BLACK FOREST, Colo. (CBS4) – When you think about mitigation to protect against wildfire, the first thing that might come to mind is cutting down trees.
But for those who live in areas prone to fire, how you landscape around your home can play an important role in keeping the structure safe.
“When we look at a home for mitigation, we also consider part of the structure of the home, meaning is it hardened against fire,” said Scott MacDonald, a lieutenant with the Black Forest Fire Department.
Hardening your home means checking everything from the chimney, which needs a well-made spark arrester, so you don’t start a fire, to the roof and siding. Textures like stucco can help protect against the flames.
And while these seem obvious, the vulnerability of a home can actually lie in the smallest of details.
“You notice the wood trim actually has a metal flashing on top of it, because anywhere there is an aspect change of horizontal to vertical, embers can collect there,” MacDonald said.
We all love the look and smell of mulch, but something as simple as a flower bed could put your home at higher risk to fire.
Placing a 5-foot border of rock between the house and flowerbeds can offer an added layer of protection for keeping flames at bay.
When planting, consider things like the type of vegetation and its placement. Low-level, well-spaced plants provide less fuel for a fire.
Keeping flowerbeds away from windows will keep the heat away if a fire breaks out. The intense heat could actually cause the glass to shatter, allowing flames a quick and easy way inside.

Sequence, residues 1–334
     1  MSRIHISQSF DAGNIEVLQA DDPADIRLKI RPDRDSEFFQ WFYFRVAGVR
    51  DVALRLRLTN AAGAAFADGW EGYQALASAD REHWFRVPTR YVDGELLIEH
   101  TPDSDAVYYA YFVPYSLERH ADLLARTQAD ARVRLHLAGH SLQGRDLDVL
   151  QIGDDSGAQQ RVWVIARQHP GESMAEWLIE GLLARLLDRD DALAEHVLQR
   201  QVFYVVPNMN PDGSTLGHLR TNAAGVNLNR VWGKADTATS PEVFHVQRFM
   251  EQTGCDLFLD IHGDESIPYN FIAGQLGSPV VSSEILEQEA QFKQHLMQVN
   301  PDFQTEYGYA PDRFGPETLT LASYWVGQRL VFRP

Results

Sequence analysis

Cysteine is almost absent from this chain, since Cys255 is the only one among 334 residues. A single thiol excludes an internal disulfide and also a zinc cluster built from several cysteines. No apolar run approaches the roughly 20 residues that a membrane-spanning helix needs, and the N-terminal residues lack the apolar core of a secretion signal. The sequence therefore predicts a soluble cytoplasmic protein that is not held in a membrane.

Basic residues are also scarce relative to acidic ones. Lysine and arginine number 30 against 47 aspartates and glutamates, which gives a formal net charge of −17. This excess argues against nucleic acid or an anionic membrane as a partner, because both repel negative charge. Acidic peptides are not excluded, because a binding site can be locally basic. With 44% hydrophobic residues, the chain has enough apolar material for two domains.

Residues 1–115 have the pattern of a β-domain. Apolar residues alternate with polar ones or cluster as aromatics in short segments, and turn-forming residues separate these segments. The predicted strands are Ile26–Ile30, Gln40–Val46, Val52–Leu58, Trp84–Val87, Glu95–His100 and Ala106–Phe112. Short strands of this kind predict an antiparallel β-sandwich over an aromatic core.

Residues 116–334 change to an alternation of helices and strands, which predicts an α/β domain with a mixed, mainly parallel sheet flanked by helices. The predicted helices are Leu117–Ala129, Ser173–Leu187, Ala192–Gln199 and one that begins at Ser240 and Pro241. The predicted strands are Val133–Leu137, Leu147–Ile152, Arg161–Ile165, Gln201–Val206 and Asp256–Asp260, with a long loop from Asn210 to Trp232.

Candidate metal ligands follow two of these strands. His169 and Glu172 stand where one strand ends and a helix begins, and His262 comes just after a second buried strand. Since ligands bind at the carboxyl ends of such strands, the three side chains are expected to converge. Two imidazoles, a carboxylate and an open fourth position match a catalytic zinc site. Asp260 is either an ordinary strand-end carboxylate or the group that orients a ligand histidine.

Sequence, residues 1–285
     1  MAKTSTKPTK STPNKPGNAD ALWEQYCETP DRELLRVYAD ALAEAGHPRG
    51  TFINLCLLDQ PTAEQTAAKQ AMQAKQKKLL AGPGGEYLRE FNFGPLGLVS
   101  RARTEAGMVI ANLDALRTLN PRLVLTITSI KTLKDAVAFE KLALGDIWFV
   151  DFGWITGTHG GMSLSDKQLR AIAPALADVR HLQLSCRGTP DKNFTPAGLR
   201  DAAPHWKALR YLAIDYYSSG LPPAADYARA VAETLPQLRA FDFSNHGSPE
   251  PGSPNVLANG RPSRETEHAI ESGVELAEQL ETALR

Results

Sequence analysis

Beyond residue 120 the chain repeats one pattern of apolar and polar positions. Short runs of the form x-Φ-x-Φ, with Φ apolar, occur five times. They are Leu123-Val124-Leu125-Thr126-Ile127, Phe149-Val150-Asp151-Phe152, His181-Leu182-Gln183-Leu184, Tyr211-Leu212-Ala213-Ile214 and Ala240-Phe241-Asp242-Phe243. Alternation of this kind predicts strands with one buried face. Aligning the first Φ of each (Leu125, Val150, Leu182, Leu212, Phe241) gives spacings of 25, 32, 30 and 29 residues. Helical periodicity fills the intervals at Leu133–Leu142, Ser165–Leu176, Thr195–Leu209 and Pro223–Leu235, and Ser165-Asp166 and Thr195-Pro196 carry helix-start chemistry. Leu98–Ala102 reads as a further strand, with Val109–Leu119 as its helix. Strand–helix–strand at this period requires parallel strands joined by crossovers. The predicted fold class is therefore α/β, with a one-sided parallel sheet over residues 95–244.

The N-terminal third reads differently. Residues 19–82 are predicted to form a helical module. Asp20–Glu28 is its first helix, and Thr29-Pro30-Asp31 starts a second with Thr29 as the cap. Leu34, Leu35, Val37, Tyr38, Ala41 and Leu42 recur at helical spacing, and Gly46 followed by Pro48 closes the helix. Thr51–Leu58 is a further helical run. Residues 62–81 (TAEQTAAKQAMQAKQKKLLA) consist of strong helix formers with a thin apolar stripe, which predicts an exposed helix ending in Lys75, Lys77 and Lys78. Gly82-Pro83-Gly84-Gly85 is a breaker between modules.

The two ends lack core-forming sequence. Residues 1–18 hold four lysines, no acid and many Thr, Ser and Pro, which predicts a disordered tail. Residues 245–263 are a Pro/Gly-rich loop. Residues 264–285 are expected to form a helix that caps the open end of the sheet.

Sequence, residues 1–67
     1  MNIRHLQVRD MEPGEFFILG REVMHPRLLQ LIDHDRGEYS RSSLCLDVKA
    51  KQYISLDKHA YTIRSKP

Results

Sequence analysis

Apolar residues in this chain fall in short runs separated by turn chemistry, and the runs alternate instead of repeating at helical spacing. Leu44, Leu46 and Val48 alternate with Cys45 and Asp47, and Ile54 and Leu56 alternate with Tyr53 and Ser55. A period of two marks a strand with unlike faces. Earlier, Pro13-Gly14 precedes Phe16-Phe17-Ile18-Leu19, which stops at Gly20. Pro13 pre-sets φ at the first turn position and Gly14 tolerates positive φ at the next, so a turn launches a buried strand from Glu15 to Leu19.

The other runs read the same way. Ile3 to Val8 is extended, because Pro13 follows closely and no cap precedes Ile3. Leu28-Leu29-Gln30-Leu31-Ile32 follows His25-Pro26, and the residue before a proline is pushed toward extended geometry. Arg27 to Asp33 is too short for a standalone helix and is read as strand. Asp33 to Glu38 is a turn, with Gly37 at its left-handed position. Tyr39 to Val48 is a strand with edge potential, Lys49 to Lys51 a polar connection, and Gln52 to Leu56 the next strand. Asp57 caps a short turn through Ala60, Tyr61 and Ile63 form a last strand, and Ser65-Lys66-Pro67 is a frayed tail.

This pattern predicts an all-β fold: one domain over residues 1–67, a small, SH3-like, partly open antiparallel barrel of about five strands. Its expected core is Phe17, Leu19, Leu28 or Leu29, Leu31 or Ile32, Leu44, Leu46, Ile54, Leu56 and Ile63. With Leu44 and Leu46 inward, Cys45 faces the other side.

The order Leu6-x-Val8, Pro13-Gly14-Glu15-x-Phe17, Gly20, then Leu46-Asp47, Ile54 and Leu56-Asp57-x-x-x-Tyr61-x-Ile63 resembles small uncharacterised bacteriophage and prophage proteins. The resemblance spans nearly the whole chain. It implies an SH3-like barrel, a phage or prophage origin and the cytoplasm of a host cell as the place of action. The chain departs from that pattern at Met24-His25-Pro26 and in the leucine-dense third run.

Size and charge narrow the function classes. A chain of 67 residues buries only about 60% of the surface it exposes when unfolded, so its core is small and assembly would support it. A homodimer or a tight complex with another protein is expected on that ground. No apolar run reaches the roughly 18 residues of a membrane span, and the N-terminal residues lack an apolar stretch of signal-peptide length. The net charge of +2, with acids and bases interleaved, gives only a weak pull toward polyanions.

We’ve said it before, but the attention is in the details.
Something as simple as a garden hose connected to your home, a vinyl drain extension sticking above ground, and even cushions on patio furniture can provide a link for fire to make contact with your home.
“They’re not in use so they’re put away, because cushions left on the furniture can collect embers, and now they’ve become fuel for the fire,” MacDonald said.
As if those living in fire zones don’t have enough to worry about, water supplies from wells could even be compromised during a wildfire.
In the Black Forest, many well heads were overgrown with vegetation and had plastic caps that melted when the 2013 fire roared through.
Now, many home owners have replaced those caps with metal ones, and keep the grass cut down, hoping to prevent contamination should a future fire breakout.
If you’re interested in learning more about landscaping a home to mitigate against wildfire, there are several resources available, including experts at the Denver Botanic Gardens and with the National Firewise Program.
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